Two artists of choice vision are Adolphe Monticelli (1824–1886) and Henri Fantin-Latour (1836-1904). Both loved music; Monticelli, the ravishing irresponsibility of gipsy music, while Fantin Latour was among the first Frenchmen to appreciate Wagner and an enthusiastic devotee of Berlioz, Rossini and Brahms. During the days of the Third Empire Monticelli ruffled it bravely in Parisian life; but after the disasters of 1870 retired to Marseilles and lived a life of seclusion that to outsiders seemed pathetic. But he lived within himself a life which, while its mental basis may have been insecure and fantastical, was one of inspiration to his art. Just as he filled his consciousness with rich luxurious fantasies, so he peopled the spaces of his pictures. For Monticelli's impressionism differed radically in technique from the Manet type. He was not an embroiderer of surfaces, but a great space constructor, the builder of concaves whose limits merge in the infinite. And this without any use of grays or usual effects of penumbra. His colors burn like molten jewels, his light, whether moonlight or otherwise, does not pass into an aura of obscurity. The light passes into light, suggesting interminable vistas of mysterious pleasure. And these vistas, avenues and corridors of living light are thronged with votaries of joyousness, as real and yet as detached from ordinary reality as Watteau's gallants and their ladies. Substitute, how ever, for Watteau's exquisite logic, typically French, the passionate rhythms and harmonies so purely those of instinct, which characterize Hungarian gipsy music, and you begin to account for the exceptional phenomenon of Monticelli.
Fantin-Latour owed much to the example of Ingres. Acting upon his own choiceness of temperament it tempered to fineness the naturalistic motive which he shared with others of his day. His Portrait of Manet (p. 193) exhibits the intimacy of his feeling and simple directness of treatment ; but it scarcely reveals that deeper penetration of the subject's personality and the capacity to place him aloof in an intimate atmosphere of his own which characterizes Fantin Latour's best portraits. Of these there is none finer than the Portrait of Edwin Edwards and his Wife in the National Gallery. The man sits absorbed in the study of a print, the lady, standing beside him with folded arms, has lifted her gaze from the work of art and fixes it on a far vision. Around the two figures is an aura of highly refined abstraction. This picture is the work of an artist whose temperament led him not only to a fine conception of his subject but also involved a quiet directness that enabled him to realize the conception simply yet fully. The same happy union of conception and achievement characterizes those figure-subjects which were inspired by his love of music. Some were executed in pastel, more by lithography; the latter medium helping him technically, since the grain of the stone served to break up the surfaces, which, when he handled paint, were rather inclined to tightness. But in these groups of nude and draped figures, the lights scintillate and the shadows are lustrous; the surfaces tremble and glow in the variety of rhythmic and melodious movement. These exquisite interpretations of the very spirit of dance and music are touched with the dignity of Ingres and the naïve grace of Prud'hon, while they vibrate to the naturalness of Fantin Latour's own mingled joyousness and seriousness of temperament.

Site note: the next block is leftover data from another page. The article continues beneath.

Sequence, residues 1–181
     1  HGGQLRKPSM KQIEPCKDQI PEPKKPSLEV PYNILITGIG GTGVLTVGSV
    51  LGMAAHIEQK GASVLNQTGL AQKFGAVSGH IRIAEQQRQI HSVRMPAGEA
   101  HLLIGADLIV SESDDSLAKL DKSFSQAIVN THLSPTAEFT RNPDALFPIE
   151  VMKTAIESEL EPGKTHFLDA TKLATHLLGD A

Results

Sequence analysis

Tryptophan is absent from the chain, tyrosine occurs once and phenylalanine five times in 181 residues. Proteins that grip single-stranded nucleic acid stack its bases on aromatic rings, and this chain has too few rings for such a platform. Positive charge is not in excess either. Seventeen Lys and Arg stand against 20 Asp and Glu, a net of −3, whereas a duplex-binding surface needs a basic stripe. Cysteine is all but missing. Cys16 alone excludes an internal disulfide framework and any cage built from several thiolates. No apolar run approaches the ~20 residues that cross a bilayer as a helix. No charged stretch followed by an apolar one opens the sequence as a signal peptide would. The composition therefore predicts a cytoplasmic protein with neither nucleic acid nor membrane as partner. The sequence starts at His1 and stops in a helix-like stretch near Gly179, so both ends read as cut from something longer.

It was under the shadow of Rembrandt that Eugène Carrière (1849–1906) matured. As a young man he had come under the spell of Rubens and Velasquez and his earlier pictures are distinguished by a delicate manipulation of blues, rose and pale yellow, harmonized with neutral browns and grays. Gradually his color scheme became more austere, until he developed his matured style, which floats the light and shade in an embrowned penumbra, while out of it emerge those parts of the forms which are essential to interpret the expression. The subjects become variations on the theme of Maternity, with occasional portraits and religious pictures, such as the Crucifixion of the Luxembourg. One and all are impregnated with profoundly reverential tenderness, a, reflection of the artist's own moral beauty of character, which so deeply endeared him to his intimate friends. Notwithstanding the spiritualized atmosphere, there is no lack of plasticity in such parts of the figures as are revealed. There is no evasion of form but a control of it, so as to subordinate the mere facts to expression. It is his feeling regarding the subject that Carrière was bent upon interpreting.